DALE PERRY – Creator & Designer of Grave Digger Broadhead


I started hunting at a young age, around 12, with my grandfather and uncle. I spent as many summers as I could helping out at my uncles archery shop. I learned everything there was to learn about archery. I was like a sponge, I just couldn’t get enough.

Compound bows were just starting to take hold in the market. The arrows were having a hard time keeping up. Just like now, everything was about how fast you could get an arrow to fly. Everyone was experimenting with different kinds of overdraw and cable guards. The overdraw allowed you to shoot a shorter arrow which, in turn, made it lighter and the end result was faster. The pure science of having a fast arrow was… let’s just say “gray” at best. It was great to have a fast arrow because there were no range finders, well at least none that were even remotely affordable. The problem with a fast arrow was getting the big cutting fixed broadheads to fly at the amazing speeds of 280 fps, that’s right 280 fps back then.  Thus came the advent of mechanical broadheads. They were very crude back then. Not from the lack of ideas but, without today’s manufacturing techniques they just couldn’t be built.

At the age 25, I kind of fell out of hunting. I was working more and had met the love of my life, Kelly. We got married and started our careers and our family. As with most young couples, money was always at the forefront of our needs and hunting just wasn’t part of my life anymore. I always kept up with my uncles hunting exploits but I never took the time to go myself.

Fast forward 18 years, I made a move to Arizona with my wife Kelly and two daughters, Brittney and Courtney. While at a Men’s Sporting Expo I met some guys at the show representing an archery shop. I was very intrigued with the bows that were there and the advances they had made. At that moment, I knew I needed to get back into archery. After going to the shop and purchasing a bow I felt like the kid that was back in my uncles archery shop, I wanted to learn as much as I could. Being a little old school and having never really shot anything but fixed broadheads, I was shocked to see that most of the broadheads on the shelf were mechanicals. I have always made things to fit my needs. Anything from work to recreation, if I saw something that could be improved upon I would change it.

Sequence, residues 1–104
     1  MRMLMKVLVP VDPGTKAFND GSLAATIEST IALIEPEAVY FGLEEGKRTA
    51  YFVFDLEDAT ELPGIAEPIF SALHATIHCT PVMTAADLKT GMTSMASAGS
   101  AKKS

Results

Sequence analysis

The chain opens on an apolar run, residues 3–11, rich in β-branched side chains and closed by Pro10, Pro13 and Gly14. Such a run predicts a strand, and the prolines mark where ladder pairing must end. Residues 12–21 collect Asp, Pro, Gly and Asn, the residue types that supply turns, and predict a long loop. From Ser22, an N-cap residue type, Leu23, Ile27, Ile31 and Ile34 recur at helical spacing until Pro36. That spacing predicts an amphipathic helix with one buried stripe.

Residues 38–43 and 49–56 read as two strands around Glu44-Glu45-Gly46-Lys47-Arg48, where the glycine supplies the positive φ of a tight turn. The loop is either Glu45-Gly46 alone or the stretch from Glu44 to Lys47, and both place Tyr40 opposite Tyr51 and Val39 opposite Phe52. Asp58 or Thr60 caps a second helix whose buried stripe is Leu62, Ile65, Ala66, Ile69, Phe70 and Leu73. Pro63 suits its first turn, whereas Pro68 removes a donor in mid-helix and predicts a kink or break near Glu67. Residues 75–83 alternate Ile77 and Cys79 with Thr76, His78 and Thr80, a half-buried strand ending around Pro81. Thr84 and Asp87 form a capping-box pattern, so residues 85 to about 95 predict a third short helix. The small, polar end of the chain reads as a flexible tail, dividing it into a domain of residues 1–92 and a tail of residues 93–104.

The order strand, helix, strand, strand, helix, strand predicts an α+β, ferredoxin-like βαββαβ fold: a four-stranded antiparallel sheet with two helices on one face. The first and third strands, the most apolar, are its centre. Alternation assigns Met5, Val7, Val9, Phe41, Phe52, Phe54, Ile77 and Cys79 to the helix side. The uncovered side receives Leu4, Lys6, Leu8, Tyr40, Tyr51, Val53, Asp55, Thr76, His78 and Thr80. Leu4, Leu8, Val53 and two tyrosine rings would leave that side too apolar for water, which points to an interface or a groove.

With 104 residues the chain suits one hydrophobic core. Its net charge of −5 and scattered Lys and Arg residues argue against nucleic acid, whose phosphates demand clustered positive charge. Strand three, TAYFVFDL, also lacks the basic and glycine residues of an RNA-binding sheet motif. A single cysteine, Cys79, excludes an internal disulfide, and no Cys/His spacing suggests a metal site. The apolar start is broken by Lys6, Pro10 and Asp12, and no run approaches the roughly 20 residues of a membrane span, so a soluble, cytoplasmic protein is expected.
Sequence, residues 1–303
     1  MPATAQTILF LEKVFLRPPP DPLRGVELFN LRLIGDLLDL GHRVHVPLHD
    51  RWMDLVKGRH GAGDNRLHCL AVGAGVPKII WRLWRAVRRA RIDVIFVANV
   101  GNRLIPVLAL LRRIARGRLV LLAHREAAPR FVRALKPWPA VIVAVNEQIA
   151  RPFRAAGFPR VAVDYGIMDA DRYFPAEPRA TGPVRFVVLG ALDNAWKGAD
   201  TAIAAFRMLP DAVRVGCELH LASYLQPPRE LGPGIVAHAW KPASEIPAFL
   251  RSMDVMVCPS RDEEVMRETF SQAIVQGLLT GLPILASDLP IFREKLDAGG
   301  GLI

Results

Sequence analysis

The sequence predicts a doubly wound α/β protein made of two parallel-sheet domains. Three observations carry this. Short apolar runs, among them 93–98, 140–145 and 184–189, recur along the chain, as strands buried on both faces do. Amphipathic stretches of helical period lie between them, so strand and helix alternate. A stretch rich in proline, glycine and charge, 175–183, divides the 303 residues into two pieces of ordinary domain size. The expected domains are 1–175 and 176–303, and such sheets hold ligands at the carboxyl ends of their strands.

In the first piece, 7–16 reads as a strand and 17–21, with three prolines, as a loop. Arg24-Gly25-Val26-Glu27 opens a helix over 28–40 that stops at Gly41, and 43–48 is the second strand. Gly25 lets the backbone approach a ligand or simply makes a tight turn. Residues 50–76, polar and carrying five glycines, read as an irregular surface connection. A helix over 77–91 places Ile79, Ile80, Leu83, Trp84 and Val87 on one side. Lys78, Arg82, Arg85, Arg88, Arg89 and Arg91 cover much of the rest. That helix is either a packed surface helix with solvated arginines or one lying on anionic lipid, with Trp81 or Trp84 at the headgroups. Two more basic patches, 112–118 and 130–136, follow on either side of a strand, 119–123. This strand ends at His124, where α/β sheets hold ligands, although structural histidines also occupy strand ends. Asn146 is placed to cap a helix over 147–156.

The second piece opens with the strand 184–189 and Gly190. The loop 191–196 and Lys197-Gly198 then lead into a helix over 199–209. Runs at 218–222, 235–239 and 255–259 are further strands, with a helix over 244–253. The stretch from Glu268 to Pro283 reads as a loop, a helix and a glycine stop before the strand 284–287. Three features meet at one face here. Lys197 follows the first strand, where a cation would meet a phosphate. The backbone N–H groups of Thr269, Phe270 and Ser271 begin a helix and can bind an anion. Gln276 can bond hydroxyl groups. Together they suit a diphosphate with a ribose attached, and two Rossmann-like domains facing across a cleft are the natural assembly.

After much debate, I ended up going with a small fixed blade broadhead on my first hunt with a friend. We were both shooting the same small fixed broadhead, the fixed blades were, and still are, small because that’s the only way you can get them to fly out of today’s bows with speeds in excess of 350 fps. During the hunt, he got an opportunity at a deer from 40 yards but the shot was a little far back. The arrow zipped though the deer like it wasn’t even there. To my amazement, we watched the deer run, then casually walk over a ridge a half mile away. This is when I realized what the large cutting mechanicals had to offer. I went home and couldn’t stop thinking about what had happened. I kept going over it in my mind…”What if he made the same shot with a large cutting mechanical?” Would it have done enough damage to get close enough to get another arrow in him? But I couldn’t get past the fact of, “What if it failed?” The next time I went to the archery shop I asked if anyone made a combo “Fixed & Mechanical”? The answer was no. I asked “Why not”? They said that a few had been made but they never flew that well, nor did they work that well. So, they just stopped making them. I told them I could make one, the reaction was “it could never be done”.